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Bosses can’t enter French airspace without being hijacked by Macron, and they love it - Sunday Times

Article by ROBERT COLVILE – for the Sunday Times – 22.05.22

‘The true driver of growth is not government. It is the energy and dynamism and originality of the private sector.”

Boris Johnson’s address to the CBI in November will live in infamy as “the Peppa Pig speech”. But his remarks as a whole were intended to make a profound point. It is not just rather wonderful that a pig that looks like a hairdryer has become a business worth £6 billion and counting.

It is that post-Brexit Britain will prosper only if it is hospitable to innovation and entrepreneurship — the kind of innovation, as he pointed out, that saved countless lives during the Covid crisis.

Yet since the referendum the signals we have been sending business have been mixed — to put it politely.

For the past few months I’ve been working on a project with my colleagues at the Centre for Policy Studies think tank, supported by Shore Capital. We have spoken to more than 100 senior decision-makers, controlling hundreds of billions of pounds in capital, about what they think of Britain as an investment destination.

It is, as far as we’re aware, the largest such exercise anyone has carried out. And the overwhelming message of the report, which is published tomorrow, is that Britain has been gradually becoming a worse place to put your money.

This verdict was all the more powerful for being fairly measured. People didn’t start ranting to us about Brexit. They didn’t excoriate the government. They talked about Britain’s natural advantages, its strengths in all manner of sectors, the high level of investment it attracts and how it was still a much more attractive destination on many fronts than its rivals in Europe.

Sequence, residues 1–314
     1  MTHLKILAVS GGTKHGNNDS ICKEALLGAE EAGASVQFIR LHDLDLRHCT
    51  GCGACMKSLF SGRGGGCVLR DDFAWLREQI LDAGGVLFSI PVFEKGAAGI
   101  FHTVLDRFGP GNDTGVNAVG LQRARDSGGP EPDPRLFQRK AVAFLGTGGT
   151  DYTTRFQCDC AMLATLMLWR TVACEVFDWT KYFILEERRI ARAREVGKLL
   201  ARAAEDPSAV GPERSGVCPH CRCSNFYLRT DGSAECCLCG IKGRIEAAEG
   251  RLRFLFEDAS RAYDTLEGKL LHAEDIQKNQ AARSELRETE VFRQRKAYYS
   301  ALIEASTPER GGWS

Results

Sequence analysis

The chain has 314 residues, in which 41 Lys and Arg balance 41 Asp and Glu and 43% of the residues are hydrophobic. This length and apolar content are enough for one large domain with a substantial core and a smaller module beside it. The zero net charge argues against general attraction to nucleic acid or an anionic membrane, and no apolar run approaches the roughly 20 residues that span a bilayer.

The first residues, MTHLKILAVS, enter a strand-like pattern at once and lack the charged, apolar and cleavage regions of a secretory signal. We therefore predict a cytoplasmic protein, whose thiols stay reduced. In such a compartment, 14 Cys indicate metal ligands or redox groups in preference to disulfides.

But they also talked about the burden of tax. The safety-first culture of regulation. The planning system. The lack of certainty. How the government still hasn’t set out an irresistible narrative about post-Brexit Britain as an investment destination. How Whitehall departments never seem to talk to one another. About a hundred niggly things, from queues at Heathrow to limits on investment schemes, that we could be doing better.

To see why they may have a point, consider the chancellor’s own address to the CBI, at its annual dinner last week. The headlines blared: “Sunak vows to cut business taxes”. But that isn’t what he was promising at all.

Yes, the chancellor did promise new tax breaks for business investment in the autumn. That’s very good news: the woeful level of such investment is one of our biggest economic problems. But these new rates will be a replacement for the temporary “super-deduction” brought in to juice corporate spending during the pandemic. They may be more generous. They will probably be less so.

And then, next April, comes the real stinger: a six-point increase in corporation tax for firms making more than £250,000 in profit. This is a great big thumping tax rise on business. By the end of this parliament it will earn the Treasury more than £17 billion a year.

That isn’t the end of it. Last month the government made the extremely sensible decision to protect low and middle earners from its national insurance rises (a compromise first suggested in this column). But the hike in the other half of national insurance, paid by employers, went ahead as planned.